Statins and zoledronic acid (ZOL) suppress gene and protein expression of pro-inflammatory cytokines in IGROV-1 cells. IGROV-1 cells were treated with increasing concentrations of atorvastatin (ATO), simvastatin (SIM), rosuvastatin (ROSU) or ZOL for 24 h. Expression of tumor necrosis factor (TNF)α and interleukin (IL)8 was assessed by quantitative real-time-PCR (a). Expression of IL6 was assessed by quantitative real-time-PCR after 24 h of treatments (b). Supernatants of treated IGROV-1 cells were collected after 48 h of treatments and analyzed for IL-6 protein levels by human IL-6 ELISA (b.) Data are shown as mean ± SEM of at least three individual experiments. (*p < 0.05; **p < 0.01; ***p < 0.001 vs. respective control (0 μM))

Statins and zoledronic acid suppress tumor-promoting regulators in IGROV-1 and A2780 cells

An inflammatory microenvironment in ovarian cancer accelerates the dissemination of tumor cells and metastases. These events are facilitated by an increased vasculature permeability and by epithelial-mesenchymal transition. In this regard, the pro-angiogenic vascular endothelial growth factor (VEGF) and the pro-migratory transforming growth factor (TGF)-β1 are considered key elements contributing to tumor progression [9, 55]. Expression of VEGF was measured when IGROV-1 and A2780 cells were treated for 24 h, whereas TGFβ1 expression was analyzed after 48 h of treatments in IGROV-1 cells, since mild or no effects were observed after 24 h (data not shown). All statins significantly reduced VEGF and TGFβ1 gene expression in IGROV-1 cells by up to 60% (Fig. 5a; p < 0.001). Again, simvastatin was the most effective statin, leading to a 40% reduction of VEGF at 1 μM (p < 0.001), and of TGFβ1 at 2.5 μM (p < 0.01). The effects were not enhanced by higher concentrations. Rosuvastatin proved to be effective in lowering VEGF expression when used at 10 μM (p < 0.001), and mediated a significant TGFβ1 reduction only at the highest concentrations (p < 0.01). Zoledronic acid failed to induce a significant response. VEGF expression was also seen to be significantly decreased in A2780 cells upon statins, but not upon treatment with zoledronic acid (− 50%; Fig. 5b; p < 0.001).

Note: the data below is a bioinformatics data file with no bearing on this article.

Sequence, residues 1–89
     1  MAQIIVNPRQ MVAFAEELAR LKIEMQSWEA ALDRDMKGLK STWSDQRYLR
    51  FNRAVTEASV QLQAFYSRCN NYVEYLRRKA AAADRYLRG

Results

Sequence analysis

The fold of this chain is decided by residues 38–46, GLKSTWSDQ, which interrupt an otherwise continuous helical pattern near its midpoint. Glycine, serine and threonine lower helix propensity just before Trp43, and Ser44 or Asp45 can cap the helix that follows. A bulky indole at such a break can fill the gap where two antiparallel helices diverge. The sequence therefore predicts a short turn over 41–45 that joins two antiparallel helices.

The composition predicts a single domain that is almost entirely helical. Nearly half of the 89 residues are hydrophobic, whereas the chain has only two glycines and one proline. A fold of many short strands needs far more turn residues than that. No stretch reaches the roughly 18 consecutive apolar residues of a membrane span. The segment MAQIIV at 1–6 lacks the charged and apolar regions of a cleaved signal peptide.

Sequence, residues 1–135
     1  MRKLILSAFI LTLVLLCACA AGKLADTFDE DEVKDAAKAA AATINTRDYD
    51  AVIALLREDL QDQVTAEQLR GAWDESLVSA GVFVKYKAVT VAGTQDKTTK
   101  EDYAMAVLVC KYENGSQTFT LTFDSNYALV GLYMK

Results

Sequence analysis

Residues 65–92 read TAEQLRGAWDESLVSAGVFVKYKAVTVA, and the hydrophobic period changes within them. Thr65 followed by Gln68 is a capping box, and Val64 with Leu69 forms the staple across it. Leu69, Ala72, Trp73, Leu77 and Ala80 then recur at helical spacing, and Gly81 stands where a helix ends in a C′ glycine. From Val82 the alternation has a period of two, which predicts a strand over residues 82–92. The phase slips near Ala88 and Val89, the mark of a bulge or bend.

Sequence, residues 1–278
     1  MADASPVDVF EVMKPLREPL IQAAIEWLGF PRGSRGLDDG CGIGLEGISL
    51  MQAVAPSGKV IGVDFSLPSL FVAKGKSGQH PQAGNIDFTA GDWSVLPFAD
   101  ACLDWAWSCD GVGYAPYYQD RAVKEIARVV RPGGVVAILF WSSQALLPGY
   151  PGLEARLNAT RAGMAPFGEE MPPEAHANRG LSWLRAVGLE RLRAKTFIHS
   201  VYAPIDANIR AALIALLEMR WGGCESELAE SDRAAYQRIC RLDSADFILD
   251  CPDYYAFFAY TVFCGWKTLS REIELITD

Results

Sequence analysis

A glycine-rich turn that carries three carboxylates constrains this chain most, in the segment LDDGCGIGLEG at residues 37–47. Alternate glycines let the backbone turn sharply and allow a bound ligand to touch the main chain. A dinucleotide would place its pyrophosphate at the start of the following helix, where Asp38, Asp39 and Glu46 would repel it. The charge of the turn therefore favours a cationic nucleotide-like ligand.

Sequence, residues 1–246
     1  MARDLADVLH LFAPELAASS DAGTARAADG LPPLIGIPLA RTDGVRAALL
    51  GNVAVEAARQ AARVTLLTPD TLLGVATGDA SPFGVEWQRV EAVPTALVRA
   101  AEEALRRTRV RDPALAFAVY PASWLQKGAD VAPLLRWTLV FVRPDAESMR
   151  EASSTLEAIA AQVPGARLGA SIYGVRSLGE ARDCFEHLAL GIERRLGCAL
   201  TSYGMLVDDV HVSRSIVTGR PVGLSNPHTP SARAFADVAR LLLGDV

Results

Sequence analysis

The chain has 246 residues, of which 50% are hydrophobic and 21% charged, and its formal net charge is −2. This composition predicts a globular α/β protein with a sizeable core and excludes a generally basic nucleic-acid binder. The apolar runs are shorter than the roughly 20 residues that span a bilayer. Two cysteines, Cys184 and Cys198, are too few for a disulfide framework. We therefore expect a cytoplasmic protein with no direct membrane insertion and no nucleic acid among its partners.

Fig. 5
figure5

Statins reduce the expression of vascular endothelial growth factor (VEGF) and transforming growth factor (TGF)-β1 in IGROV-1 and A2780 cells. IGROV-1 (a) and A2780 (b) cells were treated with increasing concentrations of atorvastatin (ATO), simvastatin (SIM), rosuvastatin (ROSU) or zoledronic acid (ZOL). Expression of VEGF (24 h) and TGFβ1 (48 h) was assessed by quantitative real-time-PCR. Data are shown as mean ± SEM of at least three individual experiments. (*p < 0.05; **p < 0.01; ***p < 0.001 vs. respective control (0 μM))

Simvastatin induces apoptosis in cisplatin-resistant A2780cis cells